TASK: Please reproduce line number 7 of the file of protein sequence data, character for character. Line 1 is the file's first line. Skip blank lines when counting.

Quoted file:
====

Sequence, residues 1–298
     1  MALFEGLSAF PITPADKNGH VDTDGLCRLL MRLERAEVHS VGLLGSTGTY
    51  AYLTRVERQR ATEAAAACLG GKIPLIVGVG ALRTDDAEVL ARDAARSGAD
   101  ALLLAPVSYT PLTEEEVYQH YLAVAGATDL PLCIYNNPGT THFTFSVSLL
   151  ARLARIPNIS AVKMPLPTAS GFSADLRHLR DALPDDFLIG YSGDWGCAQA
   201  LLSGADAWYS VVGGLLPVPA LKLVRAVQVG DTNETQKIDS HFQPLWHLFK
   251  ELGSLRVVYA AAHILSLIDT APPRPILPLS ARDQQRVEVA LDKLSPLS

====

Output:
   251  ELGSLRVVYA AAHILSLIDT APPRPILPLS ARDQQRVEVA LDKLSPLS